Ron Onesti: Celebrating 15 years with this 94-year old gem

  • Ron Onesti took over the Arcada Theater in St. Charles 15 years ago this week.

    Ron Onesti took over the Arcada Theater in St. Charles 15 years ago this week. Courtesy of Onesti Entertainment Corp.

 
 
Posted5/15/2020 6:00 AM

May 13, 2005, a day that will live in infamy! Fifteen years ago this week, I signed my life away and took over the Arcada Theatre in St. Charles. And the truth is, I NEVER knew what I was getting myself into!

Just a few months earlier, we moved into a new home. Then we had our daughter in March, about the same time I made the deal for the theater. Those 60 days were, to say the least, a bit hectic.

                                                                                                                                                                                                                       
 

It all started when I was trying to make a deal with the old Arcada owners for an appearance by American English, a Beatles tribute band I was managing at the time. The Arcada was a $4 brew-and-view movie theater that showed B-films you could enjoy with a box of popcorn and a beer. The band had appeared there before. A couple times a year, the theater would host a live act or two, and American English was its biggest draw. But when I called that year, nobody called back.

So I drove out to St. Charles, which was a hop, skip and a PLANE RIDE from my house near Harlem Avenue and Irving Park Road in Chicago (The HIP for some of you) to see what was happening, and if I could get the band rebooked.

I pulled up and the theater was vacant and a Dumpster was out front filled with broken wood and plaster. I freaked out! "Please don't tell me you are knocking this place down," I asked a construction guy there. "It's not getting knocked down. I think they are making it an office building," he said.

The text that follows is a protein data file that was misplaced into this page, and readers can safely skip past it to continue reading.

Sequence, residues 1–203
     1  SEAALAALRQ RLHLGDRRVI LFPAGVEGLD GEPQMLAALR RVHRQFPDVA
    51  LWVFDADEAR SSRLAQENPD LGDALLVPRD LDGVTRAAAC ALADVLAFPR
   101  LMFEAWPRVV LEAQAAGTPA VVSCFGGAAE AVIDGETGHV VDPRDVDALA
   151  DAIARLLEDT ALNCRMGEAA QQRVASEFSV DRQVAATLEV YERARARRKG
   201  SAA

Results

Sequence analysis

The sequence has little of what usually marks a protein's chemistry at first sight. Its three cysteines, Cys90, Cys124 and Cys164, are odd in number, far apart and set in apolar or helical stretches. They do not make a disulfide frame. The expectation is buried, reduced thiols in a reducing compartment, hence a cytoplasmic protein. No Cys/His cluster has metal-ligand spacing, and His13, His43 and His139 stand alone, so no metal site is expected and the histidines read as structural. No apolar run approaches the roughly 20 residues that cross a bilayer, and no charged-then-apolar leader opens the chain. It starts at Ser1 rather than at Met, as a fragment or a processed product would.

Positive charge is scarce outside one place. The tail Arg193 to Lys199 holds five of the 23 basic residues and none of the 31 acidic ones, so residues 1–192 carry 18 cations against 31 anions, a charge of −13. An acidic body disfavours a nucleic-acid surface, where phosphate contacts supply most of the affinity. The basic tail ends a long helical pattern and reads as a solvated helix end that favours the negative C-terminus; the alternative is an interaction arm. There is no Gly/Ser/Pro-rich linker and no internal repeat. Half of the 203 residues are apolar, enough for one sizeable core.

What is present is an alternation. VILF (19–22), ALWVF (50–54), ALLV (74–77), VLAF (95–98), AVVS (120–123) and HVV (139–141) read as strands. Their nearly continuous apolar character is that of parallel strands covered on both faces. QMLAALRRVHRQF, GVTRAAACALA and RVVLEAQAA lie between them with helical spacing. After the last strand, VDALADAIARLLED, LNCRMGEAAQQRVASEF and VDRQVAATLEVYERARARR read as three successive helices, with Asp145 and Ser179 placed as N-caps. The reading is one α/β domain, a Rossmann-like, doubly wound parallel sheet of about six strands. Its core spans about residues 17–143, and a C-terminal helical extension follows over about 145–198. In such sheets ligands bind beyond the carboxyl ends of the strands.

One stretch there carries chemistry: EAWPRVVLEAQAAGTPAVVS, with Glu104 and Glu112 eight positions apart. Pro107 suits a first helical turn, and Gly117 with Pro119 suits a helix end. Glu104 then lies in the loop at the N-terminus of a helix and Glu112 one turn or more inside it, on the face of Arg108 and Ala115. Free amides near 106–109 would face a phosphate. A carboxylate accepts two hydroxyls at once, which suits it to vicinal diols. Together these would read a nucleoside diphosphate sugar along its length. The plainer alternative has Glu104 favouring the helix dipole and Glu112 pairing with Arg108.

I was able to contact the owner of the building and he gave me the info. It was going to be a lot of money and effort to get it back up and running. Not much had been done to the building since the early 1990s to upgrade and get it up to code.

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I literally walked around St. Charles and popped into local businesses to get their take on the viability of the theater. Most spoke as if it were a fantasy to have a downtown center for entertainment that supported the local businesses in the area.

I sat with then Mayor Don DeWitte of St. Charles. He was so excited about my ideas! He made a very interesting proposition to get the theater back up and running. I then met with Craig Frank, whose family owned The Arcada in the '80s. His employment agency office was still on the second floor of the theater when I met with him. Although he was out of the theater business, I could tell this magical building meant so much still to him and the locals.

I tell a story about Kevin Costner coming to the theater and me telling him that his film, "A Field Of Dreams," had much to do with me making the decision to take on the project. In a nutshell, I could have gone either way, taking it on or walking away. But a random visit to the real "Field of Dreams" in Dyersville, Iowa, with my brother Rich gave me that "If you build it, they will come" chill I felt all over my body the day before I was to make the decision.